A Real Dialogue on the Subject of Traditional Autumn Cuisine


Me: Daniel, because you are my brother and my friend I will share some of my pumpkin pie with you.

Daniel:…Oh, okay. Thanks.

Me: You do like pumpkin pie, don’t you?

Daniel: I mean, it’s okay.

Me: I have decided you may not have any. I hope you understand.

Daniel: Yeah, that’s okay. You’ll probably enjoy it more.

Me: Undoubtedly. Good day, sir.

Infants Have the Most Puerile Sense of Humor

It’s true. Infants have a fiendishly juvenile  sense of humor.

For instance, my newborn son always waits until the precise moment when I have opened the diaper to let loose with his best impersonation of a fire hose. It doesn’t matter if I open the diaper and immediately close it, expecting Old Faithful. Then he just bides his time. He also saves his most prodigious bowel movements for the seconds after he’s freshly changed.

 When my son pulls either of these two particular maneuvers, I usually favor him with a special scowl reserved for the occasion. He stares back with that most communicative of infant facial expressions that says, “Look buddy, my arms don’t do what I want. My legs don’t do what I want. Not even my head does what I want it to do. There is exactly one area of my anatomy over which I have a modicum of control and I’ll be darned if I don’t use it for maximum comedic effect.”

I can’t really blame him though. An infant’s entire existence centers around bodily fluids and the like. I’m not sure exactly where to stand in the debate of Nature vs Nurture, but I know that each one of us is, at least in part, the product of our environment. The life lesson that I choose to pull from this experience is to be aware of what’s filling up my environment. It may be coloring my view of the world more than I realize.

Good ideas make me miserable.

It’s no secret that humans like to put things in boxes, literally as well as figuratively. There’s a sense of control that I think most humans crave and labeling something, giving it a name and definition, puts it into a neat little box that our brain has an easier time handling.

The particular box or label I’m writing about right now is that we have a tendency to label times of our life as “stages” or “phases,” as if we can quantify the events and growth that goes on between two points in time. Obviously life is a lot messier than we often give it credit for and a lot more complex than our labels would have us believe at first glance. Again, none of this will be particularly revelatory.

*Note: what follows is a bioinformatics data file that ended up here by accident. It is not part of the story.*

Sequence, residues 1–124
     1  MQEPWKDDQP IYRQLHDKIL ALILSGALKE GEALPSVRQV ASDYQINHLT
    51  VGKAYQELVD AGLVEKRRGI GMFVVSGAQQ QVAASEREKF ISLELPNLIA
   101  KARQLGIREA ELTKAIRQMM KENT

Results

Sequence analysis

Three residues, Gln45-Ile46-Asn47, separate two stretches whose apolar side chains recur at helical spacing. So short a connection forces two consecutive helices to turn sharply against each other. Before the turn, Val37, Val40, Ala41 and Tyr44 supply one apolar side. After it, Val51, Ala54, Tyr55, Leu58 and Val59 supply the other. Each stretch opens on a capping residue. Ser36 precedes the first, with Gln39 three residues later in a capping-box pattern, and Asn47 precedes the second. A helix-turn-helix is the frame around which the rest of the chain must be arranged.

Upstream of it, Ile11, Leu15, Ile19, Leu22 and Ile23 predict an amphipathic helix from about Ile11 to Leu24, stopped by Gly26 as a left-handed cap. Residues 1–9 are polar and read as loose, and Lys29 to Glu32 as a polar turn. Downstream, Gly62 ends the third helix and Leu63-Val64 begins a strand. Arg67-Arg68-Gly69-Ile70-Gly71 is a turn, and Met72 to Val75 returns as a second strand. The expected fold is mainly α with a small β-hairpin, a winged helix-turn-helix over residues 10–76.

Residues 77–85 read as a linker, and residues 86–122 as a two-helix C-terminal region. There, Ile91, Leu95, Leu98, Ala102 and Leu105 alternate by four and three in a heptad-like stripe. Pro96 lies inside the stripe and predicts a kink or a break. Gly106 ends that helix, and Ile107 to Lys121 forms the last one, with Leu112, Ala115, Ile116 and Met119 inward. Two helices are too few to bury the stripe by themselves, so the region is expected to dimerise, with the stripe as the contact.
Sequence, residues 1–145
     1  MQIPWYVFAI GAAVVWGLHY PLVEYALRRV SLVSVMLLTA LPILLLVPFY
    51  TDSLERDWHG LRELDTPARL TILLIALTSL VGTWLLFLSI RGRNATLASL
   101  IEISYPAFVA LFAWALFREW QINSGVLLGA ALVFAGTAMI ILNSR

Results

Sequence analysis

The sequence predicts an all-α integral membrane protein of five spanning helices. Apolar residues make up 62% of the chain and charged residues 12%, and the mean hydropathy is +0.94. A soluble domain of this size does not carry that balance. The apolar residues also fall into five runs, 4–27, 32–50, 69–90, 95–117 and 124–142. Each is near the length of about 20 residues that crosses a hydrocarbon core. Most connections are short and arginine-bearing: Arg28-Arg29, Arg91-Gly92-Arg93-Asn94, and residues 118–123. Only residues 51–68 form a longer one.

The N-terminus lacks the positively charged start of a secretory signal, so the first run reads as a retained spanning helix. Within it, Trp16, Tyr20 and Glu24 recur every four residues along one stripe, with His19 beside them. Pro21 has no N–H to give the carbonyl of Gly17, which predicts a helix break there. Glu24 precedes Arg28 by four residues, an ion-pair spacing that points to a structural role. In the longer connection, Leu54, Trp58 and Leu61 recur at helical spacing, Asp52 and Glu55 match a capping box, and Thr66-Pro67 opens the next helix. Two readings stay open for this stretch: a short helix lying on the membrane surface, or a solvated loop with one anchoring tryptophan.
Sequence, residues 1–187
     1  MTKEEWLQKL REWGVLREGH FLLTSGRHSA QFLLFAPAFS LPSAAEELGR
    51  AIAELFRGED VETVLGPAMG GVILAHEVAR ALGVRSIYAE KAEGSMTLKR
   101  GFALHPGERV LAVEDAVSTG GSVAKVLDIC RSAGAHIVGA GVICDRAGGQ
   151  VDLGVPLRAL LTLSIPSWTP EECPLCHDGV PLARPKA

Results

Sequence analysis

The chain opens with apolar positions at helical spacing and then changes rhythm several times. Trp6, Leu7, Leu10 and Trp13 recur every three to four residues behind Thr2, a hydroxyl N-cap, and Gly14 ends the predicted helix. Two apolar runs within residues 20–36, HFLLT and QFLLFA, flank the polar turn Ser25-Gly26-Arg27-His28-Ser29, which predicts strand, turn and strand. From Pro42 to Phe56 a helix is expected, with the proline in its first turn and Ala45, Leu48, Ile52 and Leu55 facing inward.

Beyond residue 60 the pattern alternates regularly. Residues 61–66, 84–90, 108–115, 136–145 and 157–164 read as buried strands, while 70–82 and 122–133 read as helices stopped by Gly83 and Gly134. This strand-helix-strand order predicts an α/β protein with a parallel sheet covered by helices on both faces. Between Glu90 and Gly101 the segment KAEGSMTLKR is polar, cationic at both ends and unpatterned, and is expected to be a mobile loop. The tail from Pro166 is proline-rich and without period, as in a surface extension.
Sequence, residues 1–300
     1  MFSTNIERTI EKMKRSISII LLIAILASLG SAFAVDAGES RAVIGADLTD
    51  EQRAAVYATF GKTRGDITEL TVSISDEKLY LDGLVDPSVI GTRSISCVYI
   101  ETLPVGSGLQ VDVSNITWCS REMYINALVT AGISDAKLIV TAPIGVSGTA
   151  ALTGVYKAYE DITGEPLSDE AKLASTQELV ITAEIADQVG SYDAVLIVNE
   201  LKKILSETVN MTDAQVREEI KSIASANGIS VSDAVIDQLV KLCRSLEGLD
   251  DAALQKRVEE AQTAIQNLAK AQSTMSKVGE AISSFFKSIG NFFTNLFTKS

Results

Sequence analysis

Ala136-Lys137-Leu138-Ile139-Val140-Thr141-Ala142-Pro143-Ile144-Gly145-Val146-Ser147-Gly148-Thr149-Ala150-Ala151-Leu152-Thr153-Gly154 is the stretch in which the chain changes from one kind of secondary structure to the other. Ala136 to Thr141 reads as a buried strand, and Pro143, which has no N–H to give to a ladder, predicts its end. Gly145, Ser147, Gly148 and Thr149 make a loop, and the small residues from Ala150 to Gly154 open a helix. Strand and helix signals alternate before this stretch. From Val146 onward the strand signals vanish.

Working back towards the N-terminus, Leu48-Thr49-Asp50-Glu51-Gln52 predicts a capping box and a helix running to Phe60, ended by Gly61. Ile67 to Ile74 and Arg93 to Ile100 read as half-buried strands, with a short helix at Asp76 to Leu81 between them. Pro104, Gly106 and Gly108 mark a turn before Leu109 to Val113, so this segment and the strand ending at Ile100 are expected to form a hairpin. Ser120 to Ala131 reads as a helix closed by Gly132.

The point that I’m driving at is that I could say that I’m at a certain stage of life right now. I work full-time, support a young and growing family, chip away at a degree that seems ever less important, squeeze in some writing here and there, and generally try to remain happy about it all. The chief difficulty at this stage of life is that nearly every drop of my most precious commodity, time, is being sucked up the moment it becomes available.

While my body remains busy with all of these responsibilities, and travelling to and from them, my mind is often free to wander. And wander it does, at an incredible rate. In fact, it’s rather more correct to say that it’s free to spin, like a disc drive where the laser jumps frantically from track to track. The result is that I’m positively full of ideas. Ideas for stories, games, artwork, projects, hobbies, talents, plans a million other things. I’m filling up notebooks every month with doodles, outlines, and notes.

The reason that these ideas sometimes make me miserable, is that I have very little time to actually bring them into reality. In a single day I can end up plotting an entire novel but somewhere in the back of my head is the snickering imp who reminds me it’ll be years before I can even spew the roughest draft onto screen or paper.

This could get me very down if I let it, and it sometimes has. But there’s undeniably a bright side to it as well. I just have to turn my brain into a pressure cooker.

On the good side, the fact that my time is at such a premium means that I’ll only select the best ideas, the ideas that I’m most excited about or that I think have the best chance of success, to turn into reality with my precious creative time. I can flip through those notebooks and computer files until I land on something and say “That’s it. That’s what I should be working on right now.”

The other ideas get to hang out in the background, and yes, I do forget some of them, but for the most part they get to roll around inside my head, chipping the edges off of each other, sometimes combining into something better, sometimes fading into oblivion. My wealth of ideas grows as I grow, maturing with my accumulating experience.

Like just about everything in life, which it annoys me to constantly re-learn, it’s all a matter of perspective.